In this interview, Dr Vicki Hargraves talks with Sharon Smith about infant and toddler education and care. Sharon Smith is principal of Magic Child, an infant and toddler consultancy that works alongside and supports parents and early childhood professionals, aa well as with teaching teams and centres in New Zealand and Australia. She is a RIE® Associate who teaches the RIE® Foundations™, Parent-Infant Guidance™, and Before Baby™ courses. She trained at the Pikler Institute in 2008 and 2012. Sharon is also a founding trustee and chair of New Zealand Infant and Toddler Consortium, a charitable trust set up to empower the carers of very young children around an Educaring® Approach. She is a passionate advocate for putting quality into care, and enjoys supporting others to lay the foundations with children that are critical in supporting the natural curiosity within us all.
Sharon, I know that you are a keen advocate of the RIE® principles as a foundation for teacher’s practices with infants and toddlers. So, let’s start by discussing those. What are some of the values or principles that you suggest should guide an infants and toddlers teachers’ work?
Well, I guess, as a RIE® Associate, a lot of my work is geared towards sharing an ‘Educaring®’ approach with parents and teachers, who are in group care as well. I guess, what underpins this approach, as a foundation, is respect. And when we think about respect, it’s respect for the infant, but it’s also respect for yourself. Respect might look different to me as it does to you, so, in that shared setting, it’s important that we can actually unpack what respect is. What does it look like, what does it feel like? And have that kind of shared understanding and consistency in the practice. Magda Gerber talks about respect as being, you know, we don’t just respect babies, we demonstrate our respect for them every time we have an interaction with them. So, what we take out of that is that respecting means treating even those youngest of individuals as unique human beings as opposed to an object. So, that is a key kind of underlying foundation of this approach.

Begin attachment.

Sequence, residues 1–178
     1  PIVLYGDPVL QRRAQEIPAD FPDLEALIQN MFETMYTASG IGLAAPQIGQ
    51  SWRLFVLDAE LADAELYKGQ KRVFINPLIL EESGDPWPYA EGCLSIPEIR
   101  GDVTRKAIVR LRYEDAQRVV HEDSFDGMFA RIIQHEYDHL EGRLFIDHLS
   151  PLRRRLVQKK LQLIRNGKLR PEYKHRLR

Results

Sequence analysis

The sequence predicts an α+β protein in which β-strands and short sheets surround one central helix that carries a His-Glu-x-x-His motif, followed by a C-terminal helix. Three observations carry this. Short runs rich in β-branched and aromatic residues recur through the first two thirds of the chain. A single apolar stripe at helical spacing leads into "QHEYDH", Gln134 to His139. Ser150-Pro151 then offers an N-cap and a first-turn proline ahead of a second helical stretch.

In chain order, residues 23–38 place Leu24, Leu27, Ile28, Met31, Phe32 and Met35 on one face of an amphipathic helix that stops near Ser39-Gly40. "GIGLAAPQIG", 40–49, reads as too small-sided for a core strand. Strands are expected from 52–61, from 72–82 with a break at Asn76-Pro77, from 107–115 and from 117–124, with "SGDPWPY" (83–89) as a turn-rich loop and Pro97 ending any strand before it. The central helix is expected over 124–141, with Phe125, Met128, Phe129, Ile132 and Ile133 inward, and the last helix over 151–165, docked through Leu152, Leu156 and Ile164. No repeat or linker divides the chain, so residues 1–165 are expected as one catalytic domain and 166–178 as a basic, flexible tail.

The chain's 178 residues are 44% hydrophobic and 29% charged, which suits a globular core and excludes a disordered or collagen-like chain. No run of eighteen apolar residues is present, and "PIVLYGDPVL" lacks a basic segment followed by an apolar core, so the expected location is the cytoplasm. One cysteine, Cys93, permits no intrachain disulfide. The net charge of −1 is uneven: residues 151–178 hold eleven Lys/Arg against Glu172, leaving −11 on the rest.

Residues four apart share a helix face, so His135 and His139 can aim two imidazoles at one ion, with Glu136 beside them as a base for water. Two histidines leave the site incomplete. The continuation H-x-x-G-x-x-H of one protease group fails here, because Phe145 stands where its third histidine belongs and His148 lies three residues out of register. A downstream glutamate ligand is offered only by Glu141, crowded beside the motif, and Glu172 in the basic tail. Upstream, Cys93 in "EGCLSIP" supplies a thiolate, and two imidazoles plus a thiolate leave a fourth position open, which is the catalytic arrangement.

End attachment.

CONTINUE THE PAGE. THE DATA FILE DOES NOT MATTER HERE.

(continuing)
And I guess that means that teachers should be looking into every interaction and really examining how it enacts respect or not. It sounds like it could be quite a complex undertaking.
Yes, absolutely, because we often take so much for granted in the simplest of interactions with children. And so, if we think about, you know, what goes hand in hand with respect, and one of the first principles – basic trust. For that child to be an initiator and an explorer and a self-learner, that child is also needing to feel safe and secure. And so, the trust that they are learning, not only for themselves, but also the trust in the person who is there, who is caring for them. So, that comes with how they are spoken to, how they are handled. So, when we are talking about understanding what that interaction looks like, it takes into account you, as the adult who is there, caring if you like, but also that child who is there responding to that, and being paid attention to, and being a part of that care.